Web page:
Dishware Collectibles, Toronto Vital Records, Breastfeeding Research, More: Thursday Evening ResearchBuzz, August 4, 2022

The queue is a little overflowing, so have an evening issue.


Fort Myers Florida Weekly: Here’s the dish on a handy new online search tool. “All of those websites are great reference tools for looking up prices when you know what you’re looking for. But what if you have your grandmother’s dishes or silver or crystal and want to find more pieces, or at least know a pattern name? Replacements Ltd., the North Carolina matching service for china, crystal, silver and other discontinued items, recently launched a new search tool, which makes pattern identification much easier.”

Archdiocese of Toronto: New Digital Archive Highlights Parish Histories. “ARCAT Online is a digital collection portal that provides access to our pre-1910 historical parish registers. It will also showcase some of the unique artifacts and other materials in ARCAT’s collections. The registers you will find here include records from parishes within the boundaries of the Archdiocese of Toronto: the City of Toronto; the regional municipalities of Peel, York and Durham; and Simcoe County. The burial registers for St. Paul’s Basilica, as well as St. Michael’s cemetery up to 1910, can also be found on the site.”

International Atomic Energy Agency: IAEA Launches Database on Breast Milk Intake. “The IAEA’s Database on Human Milk Intake is a growing global collection of studies, currently representing research from 28 countries across all regions, using the nuclear technique, deuterium oxide dose-to-mother (DTM), to determine how much breast milk breastfed infants consume.”


BuzzFeed News: Creators Told Us Their Favorite Internet Rabbit Holes . “I recently attended VidCon, and I asked dozens of creators there — some of the most online people you can imagine, as they earn their livelihoods through posting — what internet rabbit holes they’ve gone down lately.”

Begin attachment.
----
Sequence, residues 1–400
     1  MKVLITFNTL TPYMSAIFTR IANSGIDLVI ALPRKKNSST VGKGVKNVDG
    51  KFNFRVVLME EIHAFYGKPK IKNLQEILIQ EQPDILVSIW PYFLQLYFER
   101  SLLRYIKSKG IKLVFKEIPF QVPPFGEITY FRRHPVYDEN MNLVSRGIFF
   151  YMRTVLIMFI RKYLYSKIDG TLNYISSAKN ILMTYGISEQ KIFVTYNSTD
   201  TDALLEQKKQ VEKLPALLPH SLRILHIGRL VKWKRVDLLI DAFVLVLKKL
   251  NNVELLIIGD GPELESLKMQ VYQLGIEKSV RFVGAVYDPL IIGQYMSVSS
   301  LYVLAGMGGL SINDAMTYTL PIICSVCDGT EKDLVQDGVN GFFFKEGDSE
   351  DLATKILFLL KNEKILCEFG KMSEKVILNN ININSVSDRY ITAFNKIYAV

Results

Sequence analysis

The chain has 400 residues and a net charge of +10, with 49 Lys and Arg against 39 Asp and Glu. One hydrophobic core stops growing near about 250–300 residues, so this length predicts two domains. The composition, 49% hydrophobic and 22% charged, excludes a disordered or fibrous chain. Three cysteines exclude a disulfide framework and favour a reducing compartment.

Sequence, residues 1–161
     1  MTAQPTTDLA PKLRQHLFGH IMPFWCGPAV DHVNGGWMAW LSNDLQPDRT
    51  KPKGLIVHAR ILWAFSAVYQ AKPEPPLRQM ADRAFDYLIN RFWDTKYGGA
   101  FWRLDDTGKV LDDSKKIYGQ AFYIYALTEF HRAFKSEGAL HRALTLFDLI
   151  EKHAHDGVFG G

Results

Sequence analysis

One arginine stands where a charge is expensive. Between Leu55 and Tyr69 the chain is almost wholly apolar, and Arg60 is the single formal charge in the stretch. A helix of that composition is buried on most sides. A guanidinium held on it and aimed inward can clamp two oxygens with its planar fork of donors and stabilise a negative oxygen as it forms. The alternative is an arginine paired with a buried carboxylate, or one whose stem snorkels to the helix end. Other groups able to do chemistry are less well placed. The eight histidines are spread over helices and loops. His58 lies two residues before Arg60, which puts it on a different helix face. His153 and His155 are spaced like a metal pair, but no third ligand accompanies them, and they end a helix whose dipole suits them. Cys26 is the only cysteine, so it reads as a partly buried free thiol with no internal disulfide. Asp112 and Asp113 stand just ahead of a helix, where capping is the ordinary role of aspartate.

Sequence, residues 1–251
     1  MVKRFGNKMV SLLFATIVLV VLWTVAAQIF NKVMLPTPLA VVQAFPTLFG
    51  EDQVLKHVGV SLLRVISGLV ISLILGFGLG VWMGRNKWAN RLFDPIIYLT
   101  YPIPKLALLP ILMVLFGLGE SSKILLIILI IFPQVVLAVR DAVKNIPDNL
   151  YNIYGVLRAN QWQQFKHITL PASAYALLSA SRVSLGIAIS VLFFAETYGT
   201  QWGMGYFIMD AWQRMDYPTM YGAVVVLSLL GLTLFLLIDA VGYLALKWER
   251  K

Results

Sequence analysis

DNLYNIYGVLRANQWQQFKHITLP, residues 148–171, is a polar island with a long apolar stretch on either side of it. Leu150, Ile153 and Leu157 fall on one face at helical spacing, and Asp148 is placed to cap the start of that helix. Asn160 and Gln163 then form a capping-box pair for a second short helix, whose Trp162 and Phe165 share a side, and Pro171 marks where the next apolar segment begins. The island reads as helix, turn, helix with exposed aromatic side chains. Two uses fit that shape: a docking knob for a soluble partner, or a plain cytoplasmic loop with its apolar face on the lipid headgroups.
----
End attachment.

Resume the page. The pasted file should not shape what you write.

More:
New York Times: A Stranger Filmed Her on the Train. TikTok Users Decided She Had Monkeypox.. “Lilly Simon, a 33-year-old in Brooklyn, does not have monkeypox. She does have neurofibromatosis type 1, a genetic condition that causes tumors to grow at her nerve endings. Those tumors were filmed surreptitiously by a TikTok user while Ms. Simon was riding the subway on a Thursday in late July during her commute.”


Bleeping Computer: Huge network of 11,000 fake investment sites targets Europe. “Researchers have uncovered a gigantic network of more than 11,000 domains used to promote numerous fake investment schemes to users in Europe. The platforms show fabricated evidence of enrichment and falsified celebrity endorsements to create an image of legitimacy and lure in a larger number of victims.”

CNN: TikTok’s ties to China are once again under fire in Washington. Here’s why. “Two years after then-President Donald Trump said he would ban TikTok in the United States through an executive order, the short-form video platform is once again under scrutiny in Washington. And the underlying issue remains largely the same: TikTok’s ties to China through its parent company, Bytedance.”

AFP: Tuneless Bangladeshi social media star grilled by police. “An out-of-tune Bangladeshi singer with a huge internet following was hauled in by police at dawn and told to cease his painful renditions of classical songs, sparking a furore on social media.”


US Government Accountability Office: Federal Spending Data Quality—Is This As Good As It Gets? Auditors Say It Can Be Better. “The DATA Act—which Congress passed in 2014—requires agencies to publicly report high-quality spending data on to create transparency in government spending. But 8 years later, audits by offices of inspector general (OIG) are still saying that agencies could do better. Today’s WatchBlog post explores the results from our review of the 57 OIG reports to help Congress, journalists, and the general public identify which spending data they can rely on.”

Duke Fuqua School of Business: How should music streaming services pay artists?. “Going into the investigation, [Saša] Pekeč and his co-authors—Saeed Alaei, a scientist at Google Research, Ali Makhdoumi, also a professor of decision sciences at Fuqua, and Azarakhsh Malekian, a professor of operations management and statistics at the University of Toronto’s Rotman School of Management—initially thought they were going to mathematically prove that the pro-rata rule was indeed unfair and bad for small artists. They were in for a surprise.” Good evening, Internet…

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